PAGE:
Profiles in Regeneration: Joe, 25, UK
A key moment when I realized I needed to make this film was when I learned that 390,000 people in the UK are both blind and deaf. Unless you’re related to somebody with the condition or work in the care sector, it’s incredibly rare to meet somebody with deaf-blindness.
Young people all around the world are working to build a regenerative future. At 25, Joe Bloom is one of those people. He wants make a short film about deaf-blindness and raising awareness for disability, which affects 0.2% of the population.
Regenerative Futures: How are you feeling right now?
Joe Bloom: It’s Monday now, and I’m feeling that I want to make this week count so that by the time Friday comes around I’ll have made something tangible and interesting which at the moment doesn’t exist.
RF: What’s a secret your search history can tell us about you?
JB: Ive been watching too many fail videos.
RF: What are you reading/learning about at the moment?
JB: I just finished reading A Little Life by Hanya Yanagihara. It’s a ridiculously good book which I’d highly recommend to anyone who fancies a little cry before bed every now and then.
RF: Who is your favorite human and why?
JB: The only poster of a human I had on my wall as a kid was one of Dizzee Rascal, although as much as I like him, he is by no means my favorite human—or musician for that matter. It’s quite hard to put someone on the pedestal of favorite human, but if I really had to say one person it would be my Grandma. She truly knew the value of a positive, non-judgmental attitude, which is something I try to learn from every day.
RF: Which key moment inspired you to start your project?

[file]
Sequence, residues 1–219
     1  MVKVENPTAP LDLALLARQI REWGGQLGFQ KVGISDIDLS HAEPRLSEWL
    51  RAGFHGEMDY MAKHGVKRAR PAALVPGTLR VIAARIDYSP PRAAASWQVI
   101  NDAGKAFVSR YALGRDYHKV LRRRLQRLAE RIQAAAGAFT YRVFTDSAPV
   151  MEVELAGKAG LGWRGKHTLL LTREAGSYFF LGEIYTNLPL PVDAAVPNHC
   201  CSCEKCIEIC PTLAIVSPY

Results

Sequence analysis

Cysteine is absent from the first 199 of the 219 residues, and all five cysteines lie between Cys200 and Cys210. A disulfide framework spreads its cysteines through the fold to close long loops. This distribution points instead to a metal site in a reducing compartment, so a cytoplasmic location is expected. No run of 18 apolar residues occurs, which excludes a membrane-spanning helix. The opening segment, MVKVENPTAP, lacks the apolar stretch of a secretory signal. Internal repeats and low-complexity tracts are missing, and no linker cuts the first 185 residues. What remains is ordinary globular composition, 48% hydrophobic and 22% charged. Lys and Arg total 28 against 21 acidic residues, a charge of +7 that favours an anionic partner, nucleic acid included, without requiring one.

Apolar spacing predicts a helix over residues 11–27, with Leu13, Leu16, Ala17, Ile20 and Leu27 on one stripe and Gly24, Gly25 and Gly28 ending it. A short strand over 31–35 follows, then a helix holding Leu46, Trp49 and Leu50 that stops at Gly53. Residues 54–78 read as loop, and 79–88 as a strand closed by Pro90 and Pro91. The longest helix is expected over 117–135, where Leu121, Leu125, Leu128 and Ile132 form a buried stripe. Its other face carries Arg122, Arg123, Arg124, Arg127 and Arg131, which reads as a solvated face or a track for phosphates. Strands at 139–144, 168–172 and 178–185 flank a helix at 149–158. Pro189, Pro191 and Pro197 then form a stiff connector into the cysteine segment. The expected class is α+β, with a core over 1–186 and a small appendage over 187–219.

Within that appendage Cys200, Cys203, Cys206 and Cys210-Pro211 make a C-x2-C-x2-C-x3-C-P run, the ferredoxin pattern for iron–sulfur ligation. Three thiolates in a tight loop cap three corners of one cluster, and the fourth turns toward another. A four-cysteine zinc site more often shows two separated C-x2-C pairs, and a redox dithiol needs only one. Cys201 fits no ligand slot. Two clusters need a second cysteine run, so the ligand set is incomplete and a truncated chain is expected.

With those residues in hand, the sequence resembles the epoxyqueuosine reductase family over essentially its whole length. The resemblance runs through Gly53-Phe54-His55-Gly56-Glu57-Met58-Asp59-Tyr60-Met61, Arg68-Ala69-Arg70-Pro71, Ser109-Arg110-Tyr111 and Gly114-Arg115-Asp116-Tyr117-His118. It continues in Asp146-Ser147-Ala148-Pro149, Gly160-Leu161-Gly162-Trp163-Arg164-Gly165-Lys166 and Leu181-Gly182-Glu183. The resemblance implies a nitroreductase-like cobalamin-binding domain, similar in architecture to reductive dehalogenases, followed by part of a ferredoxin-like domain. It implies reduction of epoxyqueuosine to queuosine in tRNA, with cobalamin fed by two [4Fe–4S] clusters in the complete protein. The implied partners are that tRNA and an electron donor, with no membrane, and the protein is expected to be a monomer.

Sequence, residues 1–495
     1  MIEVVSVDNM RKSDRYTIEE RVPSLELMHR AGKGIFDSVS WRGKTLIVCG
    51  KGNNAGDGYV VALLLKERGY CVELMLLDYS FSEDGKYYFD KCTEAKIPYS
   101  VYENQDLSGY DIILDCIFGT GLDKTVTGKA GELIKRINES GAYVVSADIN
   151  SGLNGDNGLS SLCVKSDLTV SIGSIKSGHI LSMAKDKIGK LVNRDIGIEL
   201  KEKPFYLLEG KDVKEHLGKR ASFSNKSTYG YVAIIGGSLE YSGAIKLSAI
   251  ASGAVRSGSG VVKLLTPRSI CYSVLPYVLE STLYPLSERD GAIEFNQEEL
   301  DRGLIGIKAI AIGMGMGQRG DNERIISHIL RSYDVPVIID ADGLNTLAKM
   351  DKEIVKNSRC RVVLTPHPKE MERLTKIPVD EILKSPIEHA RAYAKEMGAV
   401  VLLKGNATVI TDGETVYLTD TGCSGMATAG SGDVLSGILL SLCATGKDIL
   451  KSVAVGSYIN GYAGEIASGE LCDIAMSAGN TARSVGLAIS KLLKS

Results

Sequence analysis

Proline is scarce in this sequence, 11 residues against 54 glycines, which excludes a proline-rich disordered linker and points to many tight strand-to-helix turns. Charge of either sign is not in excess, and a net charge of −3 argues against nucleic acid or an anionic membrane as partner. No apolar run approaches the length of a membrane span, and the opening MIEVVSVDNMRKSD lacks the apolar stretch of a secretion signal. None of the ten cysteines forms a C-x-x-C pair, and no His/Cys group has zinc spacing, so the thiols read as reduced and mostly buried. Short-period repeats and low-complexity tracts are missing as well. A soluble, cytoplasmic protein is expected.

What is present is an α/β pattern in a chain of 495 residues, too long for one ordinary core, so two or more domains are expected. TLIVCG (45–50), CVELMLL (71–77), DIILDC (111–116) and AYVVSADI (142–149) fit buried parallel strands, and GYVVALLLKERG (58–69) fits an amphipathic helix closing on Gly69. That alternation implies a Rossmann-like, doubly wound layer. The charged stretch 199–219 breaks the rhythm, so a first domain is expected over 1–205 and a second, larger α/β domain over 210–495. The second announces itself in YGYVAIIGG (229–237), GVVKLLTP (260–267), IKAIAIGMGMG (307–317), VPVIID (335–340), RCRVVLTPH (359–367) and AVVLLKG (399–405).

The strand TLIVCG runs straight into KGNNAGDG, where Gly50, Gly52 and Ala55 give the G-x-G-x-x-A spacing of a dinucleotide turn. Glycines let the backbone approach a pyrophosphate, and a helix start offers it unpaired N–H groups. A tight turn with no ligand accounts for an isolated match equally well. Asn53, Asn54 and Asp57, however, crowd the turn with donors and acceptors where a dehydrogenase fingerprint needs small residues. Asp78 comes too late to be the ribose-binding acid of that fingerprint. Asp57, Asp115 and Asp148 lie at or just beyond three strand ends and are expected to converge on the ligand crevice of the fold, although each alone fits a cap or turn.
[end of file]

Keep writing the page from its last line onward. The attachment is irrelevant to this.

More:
JB: My project is a short documentary film about my great uncle Michael and the world of deaf-blindness he lives in. A key moment when I realized I needed to make this film was when I learned that 390,000 people in the UK are both blind and deaf. Unless you’re related to somebody with the condition or work in the care sector, it’s incredibly rare to meet somebody with deaf-blindness. I hope that through this film more people will have an understanding of this incredibly challenging disability, and like me be given a sense of perspective by these people who have learned to live in silent, dark worlds.
RF: In two years’ time, what would success with your project look like?
JB: Success with my project would look like a globally relevant, completed short film which offers an emotive and informative look into the little known world of deaf-blindness, leaving audiences with a greater respect for those living with the condition, allowing a sense of perspective on their own life.
RF: If you could focus a large percentage of government funding on one industry or project for the next five to ten years, which would you choose and why?
JB: It would have to be renewable energy, because without actual widespread advancements in that, any other long-term project is pretty much futile.
RF: What is the best and worst thing about the education system in your country?
JB: I think a great thing about education in the UK is our access to incredible libraries and other free public resources, such as amazing archives, galleries, and museums. There are plenty of bad things about the UK’s education system, one of which has really come to light during the past few months, and this is the lack of curriculum regarding our colonial history and the implications this has had on attitudes surrounding race, migration, and ideas of nationalism. Oh, and private school — yuck.
RF: Do you have a message for anyone your age living in the year 2060?
JB: Buy a PlayStation 2 and play some Crash Bandicoot. I guarantee it’s timeless.
RF: What inspires or frightens you most about the future?
JB: I’m unfortunately almost certain that we are in the process of devastating our planet beyond repair. Corporate polluters and rising right-wing groups show no real signs of slowing down. While I’m incredibly inspired by the efforts of my generation, I struggle to be convinced that as a worldwide community we have the ability to right our wrongs. But I do maintain some hope—perhaps after reading about some of the ideas from the people on this list, my hope will be strengthened?
Joe Bloom is a Regenerative List Finalist. See more of his work here.